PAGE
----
Firstly, the organisation options on this pack are superb. Osprey always get this really well dialled.  The main compartment opens easily via the clamshell zip and, once open, has plenty of storage space for clothing and equipment.  Two long sleeves allow easy storage of a pump or similar tools and a mesh central pocket is ideal for stashing food or spares.  

There is a sunglasses/electronics pocket at the top. This is designed to offer non scratch storage.  It is ideally placed for easy access and I’ve had no problem with items getting damaged in here.  I usually store my phone in here.  

In front of this there is another panel that can be used for storage. This is a clever expanding panel that has a stretch panel on each side.  This section isn’t completely enclosed, but does secure with double strap closures at the top.  These straps also cinch the pack so that contents don’t move around. A further strap at each side finishes this job really efficiently.  If the pack is fully loaded it feels stable and if it is only partly loaded it still feels stable. 

Another zipped pocket sits in front of this panel and inside there is an organiser pocket with a mix of pockets.  There is also a key clip in here.  This pocket could be used for spares, first aid equipment, snacks or simply your keys and wallet.  It is a great little addition that doesn’t feature on some of the smaller size packs.

Almost there!  On this side of the pack there is also an elasticated stash pocket that secures with a quick release buckle.  This is a great size for storing maps or a spare layer.  You could also use it to store items like your gloves or lightweight knee pads while jumping on the uplift or hike a biking. 

The final storage pocket is at the bottom of the main body of the Raptor.  This a zipped pocket containing the tool roll.  This allows quick and easy access to tools and spares.  It also keeps messy repair kit away from the rest of your gear.  Once the tool roll is packed away there is room in this pocket for some other smaller items.  I’ve been keeping spare tubes in there.

The Hydraulics bladder sits in a dedicated zip pocket behind the AirScape back panel.  There is a storage clip to hang it in the vertical position.  It is then a simple job to zip the pocket and you are ready to go.  This also means you don’t need to open the main pack to remove it.  An opening allows you to feed the hydration tube down the left hand shoulder strap if preferred.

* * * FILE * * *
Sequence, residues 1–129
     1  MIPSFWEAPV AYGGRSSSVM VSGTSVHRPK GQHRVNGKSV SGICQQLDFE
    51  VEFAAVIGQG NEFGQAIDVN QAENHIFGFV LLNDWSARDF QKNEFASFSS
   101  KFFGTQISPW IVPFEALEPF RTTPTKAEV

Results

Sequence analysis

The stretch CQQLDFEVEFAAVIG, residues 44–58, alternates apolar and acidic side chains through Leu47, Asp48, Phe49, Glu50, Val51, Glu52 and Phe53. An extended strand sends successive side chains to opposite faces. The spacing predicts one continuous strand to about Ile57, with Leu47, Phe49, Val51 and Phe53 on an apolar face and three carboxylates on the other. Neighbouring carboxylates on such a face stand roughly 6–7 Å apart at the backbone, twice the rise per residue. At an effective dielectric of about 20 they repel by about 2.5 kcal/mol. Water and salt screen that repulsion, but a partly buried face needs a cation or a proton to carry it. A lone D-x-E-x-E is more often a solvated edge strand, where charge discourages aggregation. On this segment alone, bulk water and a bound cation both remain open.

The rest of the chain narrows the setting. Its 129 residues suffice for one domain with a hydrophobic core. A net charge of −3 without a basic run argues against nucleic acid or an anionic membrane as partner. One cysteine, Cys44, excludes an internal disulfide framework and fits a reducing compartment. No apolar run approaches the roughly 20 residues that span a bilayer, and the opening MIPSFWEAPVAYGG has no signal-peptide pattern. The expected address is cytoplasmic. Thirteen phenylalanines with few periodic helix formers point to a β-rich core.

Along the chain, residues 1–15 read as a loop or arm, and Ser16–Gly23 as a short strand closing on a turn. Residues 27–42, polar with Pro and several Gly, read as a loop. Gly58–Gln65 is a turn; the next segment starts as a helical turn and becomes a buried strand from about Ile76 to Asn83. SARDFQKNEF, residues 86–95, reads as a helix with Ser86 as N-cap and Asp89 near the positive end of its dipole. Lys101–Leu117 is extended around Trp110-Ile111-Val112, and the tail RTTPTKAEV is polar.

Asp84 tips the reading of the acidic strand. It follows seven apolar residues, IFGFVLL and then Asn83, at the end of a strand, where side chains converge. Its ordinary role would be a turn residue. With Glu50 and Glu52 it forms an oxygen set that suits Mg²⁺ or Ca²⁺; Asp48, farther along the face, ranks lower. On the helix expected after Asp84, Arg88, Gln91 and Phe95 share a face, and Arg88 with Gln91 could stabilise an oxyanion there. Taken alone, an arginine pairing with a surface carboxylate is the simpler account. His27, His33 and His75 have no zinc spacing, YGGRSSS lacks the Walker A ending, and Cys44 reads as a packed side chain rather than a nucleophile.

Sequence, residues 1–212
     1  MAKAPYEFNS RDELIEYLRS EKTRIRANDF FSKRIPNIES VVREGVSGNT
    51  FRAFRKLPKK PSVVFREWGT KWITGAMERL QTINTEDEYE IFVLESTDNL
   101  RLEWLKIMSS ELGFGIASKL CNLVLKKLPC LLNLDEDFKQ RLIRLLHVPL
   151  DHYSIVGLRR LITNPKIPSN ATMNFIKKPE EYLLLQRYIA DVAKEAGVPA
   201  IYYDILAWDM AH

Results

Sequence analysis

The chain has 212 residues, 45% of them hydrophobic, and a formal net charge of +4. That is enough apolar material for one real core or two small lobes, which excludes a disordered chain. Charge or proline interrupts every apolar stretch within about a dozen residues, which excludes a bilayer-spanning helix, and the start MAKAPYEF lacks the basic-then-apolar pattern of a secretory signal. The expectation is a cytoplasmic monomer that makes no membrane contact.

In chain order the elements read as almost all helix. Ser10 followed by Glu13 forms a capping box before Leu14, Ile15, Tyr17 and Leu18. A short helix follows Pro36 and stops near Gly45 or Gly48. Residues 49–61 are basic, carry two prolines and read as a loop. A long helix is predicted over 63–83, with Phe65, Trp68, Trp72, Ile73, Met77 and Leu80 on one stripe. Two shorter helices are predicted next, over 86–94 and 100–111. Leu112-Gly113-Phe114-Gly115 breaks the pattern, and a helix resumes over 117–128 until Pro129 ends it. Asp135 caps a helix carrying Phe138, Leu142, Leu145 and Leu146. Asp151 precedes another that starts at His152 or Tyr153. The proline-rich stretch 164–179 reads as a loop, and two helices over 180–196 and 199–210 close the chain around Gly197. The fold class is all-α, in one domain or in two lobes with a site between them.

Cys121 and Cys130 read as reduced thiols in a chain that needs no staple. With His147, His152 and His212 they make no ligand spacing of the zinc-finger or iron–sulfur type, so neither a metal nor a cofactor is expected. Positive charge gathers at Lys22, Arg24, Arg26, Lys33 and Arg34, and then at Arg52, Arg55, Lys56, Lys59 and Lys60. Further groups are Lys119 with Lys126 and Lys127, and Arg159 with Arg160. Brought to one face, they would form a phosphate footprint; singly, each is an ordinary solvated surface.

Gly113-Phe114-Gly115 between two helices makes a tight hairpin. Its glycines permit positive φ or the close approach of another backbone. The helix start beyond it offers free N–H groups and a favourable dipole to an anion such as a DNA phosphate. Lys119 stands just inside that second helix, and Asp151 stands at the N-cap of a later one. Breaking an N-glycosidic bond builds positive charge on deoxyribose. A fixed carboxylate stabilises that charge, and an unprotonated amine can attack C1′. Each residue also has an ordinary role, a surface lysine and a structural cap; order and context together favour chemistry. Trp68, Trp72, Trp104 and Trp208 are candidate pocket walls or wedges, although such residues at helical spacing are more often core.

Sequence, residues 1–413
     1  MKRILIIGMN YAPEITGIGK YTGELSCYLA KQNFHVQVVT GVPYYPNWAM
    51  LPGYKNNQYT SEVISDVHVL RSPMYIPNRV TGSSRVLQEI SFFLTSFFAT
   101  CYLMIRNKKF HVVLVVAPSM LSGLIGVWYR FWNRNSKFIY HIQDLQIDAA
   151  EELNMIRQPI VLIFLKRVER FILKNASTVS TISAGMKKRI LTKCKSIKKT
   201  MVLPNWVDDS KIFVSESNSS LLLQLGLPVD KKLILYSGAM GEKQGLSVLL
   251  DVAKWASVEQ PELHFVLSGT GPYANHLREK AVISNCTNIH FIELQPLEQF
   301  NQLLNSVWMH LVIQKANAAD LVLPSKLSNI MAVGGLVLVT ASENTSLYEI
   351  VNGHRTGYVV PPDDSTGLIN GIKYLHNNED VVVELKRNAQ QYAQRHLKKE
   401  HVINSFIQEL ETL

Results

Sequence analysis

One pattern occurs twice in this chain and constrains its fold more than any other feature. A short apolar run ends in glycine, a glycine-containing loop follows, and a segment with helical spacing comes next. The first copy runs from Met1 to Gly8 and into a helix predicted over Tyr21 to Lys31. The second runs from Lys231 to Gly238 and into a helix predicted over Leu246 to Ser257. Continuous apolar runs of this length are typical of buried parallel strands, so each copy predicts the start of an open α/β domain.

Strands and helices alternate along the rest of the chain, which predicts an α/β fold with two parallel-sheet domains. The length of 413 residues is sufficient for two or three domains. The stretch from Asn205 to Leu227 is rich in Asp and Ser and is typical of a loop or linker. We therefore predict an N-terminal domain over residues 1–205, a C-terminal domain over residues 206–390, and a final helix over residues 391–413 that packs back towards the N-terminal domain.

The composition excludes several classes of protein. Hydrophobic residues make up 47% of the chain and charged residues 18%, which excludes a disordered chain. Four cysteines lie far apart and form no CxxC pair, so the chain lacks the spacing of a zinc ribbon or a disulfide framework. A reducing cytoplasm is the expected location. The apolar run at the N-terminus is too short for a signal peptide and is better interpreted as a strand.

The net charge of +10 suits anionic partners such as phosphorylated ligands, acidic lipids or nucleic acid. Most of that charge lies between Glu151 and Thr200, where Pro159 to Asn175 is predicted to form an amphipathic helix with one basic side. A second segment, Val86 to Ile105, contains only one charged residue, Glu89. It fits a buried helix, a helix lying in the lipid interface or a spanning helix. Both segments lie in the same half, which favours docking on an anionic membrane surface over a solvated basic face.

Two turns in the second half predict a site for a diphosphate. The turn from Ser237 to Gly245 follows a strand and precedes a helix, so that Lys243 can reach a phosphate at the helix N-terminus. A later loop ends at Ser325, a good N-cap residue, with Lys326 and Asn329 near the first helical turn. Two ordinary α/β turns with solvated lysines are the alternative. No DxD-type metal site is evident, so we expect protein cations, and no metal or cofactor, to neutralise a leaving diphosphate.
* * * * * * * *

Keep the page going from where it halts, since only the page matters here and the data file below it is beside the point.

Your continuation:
Osprey’s bladder system is great.  The bladder opens via a large and secure slider closure which is quick and simple.  This allows you to easily add ice cubes or hydration tabs and it also make cleaning the inside very simple.  The Osprey bite valve is efficient and the magnetic clip allows it to be very simply stashed. It clips easily onto the sternum strap when not in use and its a solid dependable design. 

I really like the fit of the Raptor 14.  The ridged AirScape back panel moulds comfortably to the shape of the back and feels both comfortable and stable.  Once you combine this with the shaped and padded hip belt and sternum strap then the Raptor feels glued securely for even the most wild biking manoeuvres.  The back panel also breathes well.  I won’t say that you don’t get some build up of moisture on hot and sweaty days, but it is easily as good as any the best biking packs I’ve tried.  The addition of two smaller zipped pockets on the hip belt offers another great addition for storage of small spares or snacks. 

The Raptor is made from 210D Nylon Diamond Ripstop nylon fabric.  This strikes a good balance between lightweight and durability.  So far the pack has easily stood up to the rough and tumble of biking.  This fabric also offers decent weatherproofness which is especially important for UK  conditions.  This isn’t to say the pack is waterproof.  Infact, very few models on the market are designed to be fully waterproof.  I would advise to always pack your essentials in dry bags in wet conditions.  


So, my Osprey Raptor 14 Rucksack review highlights another winner from Osprey.  All the bases are ticked for a fully featured high performance mountain biking rucksack.  The Raptor will soak up the essentials for a long day in the saddle while providing a comfortable and stable carry.  The Raptor is also great value.  I think a RRP of £120 for a pack of this quality and with these features is fantastic.  Well done again Osprey. You can find details on the Raptor 14 on the Osprey website here. The short review video below is also well worth a watch.

If you are after a small capacity pack please check out our review of the awesome Osprey Siskin 8 here.